Fifth Sunday after Epiphany (Year C)

In recent years, a lot of noise has been made about the Gnostic versions of the gospel; from the Gospel according to Mary, to those of Peter, Philip, Thomas, and most recently even the gospel according to Judas.

February 7, 2010

Second Reading
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Commentary on 1 Corinthians 15:1-11

In recent years, a lot of noise has been made about the Gnostic versions of the gospel; from the Gospel according to Mary, to those of Peter, Philip, Thomas, and most recently even the gospel according to Judas.

These “other” gospels, unearthed (or un-sanded) largely near Nag Hammadi, Egypt (or in the case of the Gospel of Judas most recently in a New York safe deposit box), are big business these days, and have been for some time.1 

One thing that, to my knowledge, has not been dug up is a narrative gospel according to Paul. Why? Because, of course, the Gospel According to Paul is already in the Bible. While the Apostle Paul does not get his version of the Good News under the traditional Gospel title “according to” (kata in Greek), it may be helpful to remember that Paul’s presentation of the gospel predates the four biblical Gospels (not to mention the other gospels that followed well after, and which Paul would surely have judged as being “no gospel”–copyright Galatians 1), and though it does not match the gospel form or genre, it is most certainly “gospel” that he preaches and presents in his letters.

In 1 Corinthians 15:1-11, there are three elements worthy of note and perhaps some attention from the pulpit as well. First, is this “Gospel According to Paul,” which is both the good news in a nutshell, and a creedal formula of sorts. Second is Paul’s claim that the gospel he proclaims falls out in a particular way–i.e. in accordance with the scriptures. And third is Paul’s self-designation as “least of the apostles.”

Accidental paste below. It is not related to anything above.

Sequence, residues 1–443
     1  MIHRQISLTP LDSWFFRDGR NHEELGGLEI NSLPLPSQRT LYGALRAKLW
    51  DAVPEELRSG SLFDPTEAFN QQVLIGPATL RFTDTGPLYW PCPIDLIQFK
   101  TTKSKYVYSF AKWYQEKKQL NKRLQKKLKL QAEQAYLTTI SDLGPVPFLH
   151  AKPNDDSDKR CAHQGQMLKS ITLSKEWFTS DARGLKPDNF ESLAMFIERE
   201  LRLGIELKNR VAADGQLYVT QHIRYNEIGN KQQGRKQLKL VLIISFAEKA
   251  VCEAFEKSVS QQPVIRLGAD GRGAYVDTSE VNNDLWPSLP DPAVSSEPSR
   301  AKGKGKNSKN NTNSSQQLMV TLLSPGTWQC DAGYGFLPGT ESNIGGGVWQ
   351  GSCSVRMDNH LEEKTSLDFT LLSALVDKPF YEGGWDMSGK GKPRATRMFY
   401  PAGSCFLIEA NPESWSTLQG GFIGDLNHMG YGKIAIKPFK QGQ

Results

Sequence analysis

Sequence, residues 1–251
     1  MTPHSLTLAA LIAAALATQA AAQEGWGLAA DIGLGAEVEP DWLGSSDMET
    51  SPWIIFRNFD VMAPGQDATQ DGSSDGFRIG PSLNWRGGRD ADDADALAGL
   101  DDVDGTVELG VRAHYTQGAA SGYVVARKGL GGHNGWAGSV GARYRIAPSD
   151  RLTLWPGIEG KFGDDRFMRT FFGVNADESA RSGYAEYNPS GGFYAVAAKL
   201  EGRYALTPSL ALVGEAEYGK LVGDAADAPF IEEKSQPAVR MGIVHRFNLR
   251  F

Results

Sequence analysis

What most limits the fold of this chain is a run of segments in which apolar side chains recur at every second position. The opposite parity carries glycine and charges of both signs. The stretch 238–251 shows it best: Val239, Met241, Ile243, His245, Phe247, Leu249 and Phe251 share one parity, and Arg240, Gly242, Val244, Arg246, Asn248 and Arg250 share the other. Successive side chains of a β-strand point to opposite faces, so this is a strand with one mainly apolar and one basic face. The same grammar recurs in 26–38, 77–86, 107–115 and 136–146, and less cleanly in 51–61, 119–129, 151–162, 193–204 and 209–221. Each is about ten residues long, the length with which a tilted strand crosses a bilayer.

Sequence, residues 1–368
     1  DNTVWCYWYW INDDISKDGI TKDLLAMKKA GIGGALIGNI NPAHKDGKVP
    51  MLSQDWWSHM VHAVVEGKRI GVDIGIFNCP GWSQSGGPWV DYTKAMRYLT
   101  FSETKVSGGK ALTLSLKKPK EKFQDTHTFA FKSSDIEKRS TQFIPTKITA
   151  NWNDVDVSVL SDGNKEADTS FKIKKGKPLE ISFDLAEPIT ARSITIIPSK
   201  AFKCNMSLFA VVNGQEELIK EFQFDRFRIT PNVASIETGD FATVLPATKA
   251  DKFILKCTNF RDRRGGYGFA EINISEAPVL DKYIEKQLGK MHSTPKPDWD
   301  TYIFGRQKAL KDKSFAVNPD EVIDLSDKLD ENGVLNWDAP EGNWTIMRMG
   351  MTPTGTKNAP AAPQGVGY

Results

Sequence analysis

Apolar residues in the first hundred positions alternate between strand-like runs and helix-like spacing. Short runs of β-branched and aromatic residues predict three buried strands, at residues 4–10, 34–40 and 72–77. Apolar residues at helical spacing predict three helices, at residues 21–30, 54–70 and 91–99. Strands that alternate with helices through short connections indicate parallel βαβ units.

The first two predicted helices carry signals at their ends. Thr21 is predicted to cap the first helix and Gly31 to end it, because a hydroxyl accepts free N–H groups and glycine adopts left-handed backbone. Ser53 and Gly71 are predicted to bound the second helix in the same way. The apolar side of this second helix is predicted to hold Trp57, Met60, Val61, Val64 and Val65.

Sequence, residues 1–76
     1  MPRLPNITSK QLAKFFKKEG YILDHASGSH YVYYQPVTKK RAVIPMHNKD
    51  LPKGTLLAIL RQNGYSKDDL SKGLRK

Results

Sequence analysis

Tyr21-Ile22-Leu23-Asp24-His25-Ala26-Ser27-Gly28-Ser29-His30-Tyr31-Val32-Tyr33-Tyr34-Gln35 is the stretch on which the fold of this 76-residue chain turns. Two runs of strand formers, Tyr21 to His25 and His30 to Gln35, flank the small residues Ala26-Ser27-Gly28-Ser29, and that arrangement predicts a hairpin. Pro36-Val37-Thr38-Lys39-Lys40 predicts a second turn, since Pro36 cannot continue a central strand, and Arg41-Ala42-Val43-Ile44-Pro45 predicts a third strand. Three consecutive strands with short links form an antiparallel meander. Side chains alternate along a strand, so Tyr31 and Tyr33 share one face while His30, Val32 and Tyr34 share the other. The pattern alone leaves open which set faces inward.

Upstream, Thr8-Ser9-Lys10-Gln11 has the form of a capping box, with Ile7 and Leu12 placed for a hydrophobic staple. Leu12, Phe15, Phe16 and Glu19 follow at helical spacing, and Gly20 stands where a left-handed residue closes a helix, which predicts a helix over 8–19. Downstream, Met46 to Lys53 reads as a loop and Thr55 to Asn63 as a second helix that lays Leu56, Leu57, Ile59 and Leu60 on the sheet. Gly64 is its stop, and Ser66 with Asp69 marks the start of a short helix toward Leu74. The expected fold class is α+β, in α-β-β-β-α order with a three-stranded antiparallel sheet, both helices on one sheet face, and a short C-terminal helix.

1. The Gospel According to Paul

1 Corinthians 15:1-11 is, at its core, the proclamation of the gospel. In all of Paul’s writing this is, for my money, the most complete, concise expression of the Good News. And this is it:

I. Christ died for our sins (3)
II. was buried (4)
III. was raised on the third day (4)
IV. and that he appeared to his disciples (5)

With the exception of the appearance to his disciples, this gospel shorthand hits the same basic highpoints of the life, death, and life of Jesus that is professed in the great creeds of the Christian tradition. From time to time, readers of Paul’s credo make note (and sometimes even a big deal) of differences in his account when compared to the Gospel versions. Chief among these differences is the fact that Paul makes no mention of the empty tomb. It is, of course, entirely possible that there is something important going on in this. But to me it’s a little bit like Groucho Marx’s famous trick question, “Who is buried in Grant’s tomb?” Perhaps for Paul, mention of the empty tomb is unnecessary, considering his risen-ness.